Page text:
Last Updated on June 12, 2021 by Guest
An entrepreneur’s journey is often exciting, but it is fraught with risks and challenges as well. As you seize opportunities to turn your vision into reality with a dream startup, there are some legal implications that you may have to deal with along the way. Unless you are covered for all such implications, you may end up facing serious consequences at the early stage of the setup. While you may have a basic understanding of business law, things can get tricky if you are starting a company.
Seeking legal guidance is your best bet at this stage, but entrepreneurs often want to save money on hiring attorneys because of their cash constraints. However, it isn’t something you should cringe at because legal pitfalls can land a new business in deep trouble. It can cause extensive damage, both in terms of money and reputation. So it makes sense to be legally sound right from the start, which is possible only with the help of an expert. Also, awareness about the legal implications for new businesses keeps you on the safe side. Here are the most common legal concerns that every new entrepreneur should know about.
Even before you start with your new venture, you need to make sure that the business is compliant with the prevailing law and regulations. Corporate compliance matters for businesses of all sizes and in all types of domains. Apart from ensuring that the entity is lawful, you must also know all about the type of records and other documents you will have to generate and maintain through the company’s lifespan. Compliance isn’t a one-size-fits-all thing because the laws and regulations vary based on factors such as the domain, type of business entity, and location of the setup. Unless your business is compliant, you cannot expect to operate seamlessly.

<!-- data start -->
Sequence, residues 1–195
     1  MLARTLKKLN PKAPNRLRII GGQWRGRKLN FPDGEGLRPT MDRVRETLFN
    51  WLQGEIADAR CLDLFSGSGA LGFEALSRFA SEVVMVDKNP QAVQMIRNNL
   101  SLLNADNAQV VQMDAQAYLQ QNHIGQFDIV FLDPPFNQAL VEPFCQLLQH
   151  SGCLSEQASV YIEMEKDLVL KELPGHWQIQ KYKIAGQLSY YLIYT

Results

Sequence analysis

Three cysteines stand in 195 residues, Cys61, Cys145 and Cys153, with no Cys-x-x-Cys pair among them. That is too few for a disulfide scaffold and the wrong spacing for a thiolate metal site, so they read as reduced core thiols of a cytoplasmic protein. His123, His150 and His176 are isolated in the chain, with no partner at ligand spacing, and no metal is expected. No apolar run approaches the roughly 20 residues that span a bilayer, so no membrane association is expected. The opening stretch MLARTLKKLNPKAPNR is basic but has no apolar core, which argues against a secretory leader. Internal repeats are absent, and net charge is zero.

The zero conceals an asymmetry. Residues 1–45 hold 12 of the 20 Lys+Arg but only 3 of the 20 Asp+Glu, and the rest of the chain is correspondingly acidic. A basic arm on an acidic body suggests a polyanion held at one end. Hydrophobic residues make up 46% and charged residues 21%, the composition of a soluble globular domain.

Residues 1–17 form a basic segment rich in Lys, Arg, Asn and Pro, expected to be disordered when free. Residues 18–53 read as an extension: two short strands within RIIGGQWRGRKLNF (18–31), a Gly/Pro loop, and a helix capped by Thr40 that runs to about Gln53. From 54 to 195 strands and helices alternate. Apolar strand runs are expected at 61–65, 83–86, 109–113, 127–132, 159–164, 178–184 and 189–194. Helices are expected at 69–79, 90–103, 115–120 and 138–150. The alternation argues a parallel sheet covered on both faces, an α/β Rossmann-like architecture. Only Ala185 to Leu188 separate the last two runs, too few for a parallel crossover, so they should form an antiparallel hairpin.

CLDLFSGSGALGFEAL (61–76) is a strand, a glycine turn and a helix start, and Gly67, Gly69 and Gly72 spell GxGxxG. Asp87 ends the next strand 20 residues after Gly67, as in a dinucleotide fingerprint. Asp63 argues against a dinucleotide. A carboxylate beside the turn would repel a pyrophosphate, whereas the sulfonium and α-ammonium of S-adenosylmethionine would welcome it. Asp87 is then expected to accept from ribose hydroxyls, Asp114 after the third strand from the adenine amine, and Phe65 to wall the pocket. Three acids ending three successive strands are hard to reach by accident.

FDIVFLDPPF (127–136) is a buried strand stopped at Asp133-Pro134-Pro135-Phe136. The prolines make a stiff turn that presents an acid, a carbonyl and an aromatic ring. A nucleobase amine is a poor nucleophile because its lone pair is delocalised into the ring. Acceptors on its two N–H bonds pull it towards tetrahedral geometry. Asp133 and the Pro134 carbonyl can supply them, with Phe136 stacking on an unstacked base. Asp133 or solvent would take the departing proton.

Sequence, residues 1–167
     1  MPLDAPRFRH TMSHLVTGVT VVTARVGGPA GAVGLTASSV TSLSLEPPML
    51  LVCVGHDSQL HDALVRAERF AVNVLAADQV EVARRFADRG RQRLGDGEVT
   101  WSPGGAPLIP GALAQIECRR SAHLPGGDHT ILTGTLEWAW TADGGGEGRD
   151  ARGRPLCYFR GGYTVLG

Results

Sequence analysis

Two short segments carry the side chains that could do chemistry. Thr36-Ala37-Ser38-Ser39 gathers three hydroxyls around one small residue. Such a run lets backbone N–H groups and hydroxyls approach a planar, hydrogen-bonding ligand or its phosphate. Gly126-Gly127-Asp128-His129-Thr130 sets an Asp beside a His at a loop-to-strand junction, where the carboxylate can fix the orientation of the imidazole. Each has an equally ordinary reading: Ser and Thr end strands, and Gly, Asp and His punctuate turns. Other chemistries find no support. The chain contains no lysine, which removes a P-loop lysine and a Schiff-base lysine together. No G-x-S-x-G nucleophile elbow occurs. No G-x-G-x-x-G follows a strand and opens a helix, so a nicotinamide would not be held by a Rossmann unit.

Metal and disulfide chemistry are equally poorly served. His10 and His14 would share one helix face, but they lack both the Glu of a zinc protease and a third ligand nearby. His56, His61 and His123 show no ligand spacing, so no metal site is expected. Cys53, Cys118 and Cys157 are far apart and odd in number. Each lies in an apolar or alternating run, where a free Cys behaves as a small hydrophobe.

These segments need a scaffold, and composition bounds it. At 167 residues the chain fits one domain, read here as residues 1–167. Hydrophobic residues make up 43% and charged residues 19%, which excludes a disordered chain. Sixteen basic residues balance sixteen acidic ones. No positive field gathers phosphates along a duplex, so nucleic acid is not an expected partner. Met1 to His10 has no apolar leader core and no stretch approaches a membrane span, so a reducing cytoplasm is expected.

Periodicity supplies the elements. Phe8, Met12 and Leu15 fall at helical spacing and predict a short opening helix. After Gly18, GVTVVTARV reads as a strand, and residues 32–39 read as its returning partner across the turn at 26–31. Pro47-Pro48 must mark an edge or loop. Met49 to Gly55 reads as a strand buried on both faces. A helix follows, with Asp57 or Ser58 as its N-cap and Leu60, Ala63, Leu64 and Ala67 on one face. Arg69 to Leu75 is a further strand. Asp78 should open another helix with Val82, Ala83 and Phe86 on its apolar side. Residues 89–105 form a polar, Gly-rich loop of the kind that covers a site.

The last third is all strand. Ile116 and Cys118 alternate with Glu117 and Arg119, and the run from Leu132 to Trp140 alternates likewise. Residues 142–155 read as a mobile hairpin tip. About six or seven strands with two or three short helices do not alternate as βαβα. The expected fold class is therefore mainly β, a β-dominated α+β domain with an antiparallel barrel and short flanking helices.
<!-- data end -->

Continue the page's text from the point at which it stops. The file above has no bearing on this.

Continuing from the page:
Business structure and licensing
When it comes to setting up a venture, you have multiple options in business structures that you can consider when at the startup stage. You can choose between a sole proprietorship, partnership, S-corporation, and C-corporation.
The choice of the right structure can be vital to the success of the company and also decides several factors, such as your personal liability and tax implications. Apart from the structure of the entity, you also need to pay attention to the specific licenses or permits you may require to start operating. At a minimum, you will have to get a license from a local or state agency and a tax registration at the time of setup.
Contracts and agreements
Although you may want to keep things simple with contracts and agreements, you should absolutely have written ones that clearly outline the rights and obligations of the parties involved. Verbal contracts aren’t a good tactic because disputes may arise at any point, and not having things written can make them hard to resolve.